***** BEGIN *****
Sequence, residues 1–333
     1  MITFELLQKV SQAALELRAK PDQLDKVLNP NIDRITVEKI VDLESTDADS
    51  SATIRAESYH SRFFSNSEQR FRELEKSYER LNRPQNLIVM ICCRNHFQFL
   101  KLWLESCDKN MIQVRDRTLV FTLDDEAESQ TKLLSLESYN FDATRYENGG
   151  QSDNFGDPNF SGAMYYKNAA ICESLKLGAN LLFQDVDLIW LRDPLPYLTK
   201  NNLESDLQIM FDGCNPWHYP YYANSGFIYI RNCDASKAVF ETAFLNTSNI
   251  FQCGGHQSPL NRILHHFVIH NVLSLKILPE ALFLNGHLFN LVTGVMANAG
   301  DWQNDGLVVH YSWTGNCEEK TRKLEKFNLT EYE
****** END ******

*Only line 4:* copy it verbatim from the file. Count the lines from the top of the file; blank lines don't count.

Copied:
   101  KLWLESCDKN MIQVRDRTLV FTLDDEAESQ TKLLSLESYN FDATRYENGG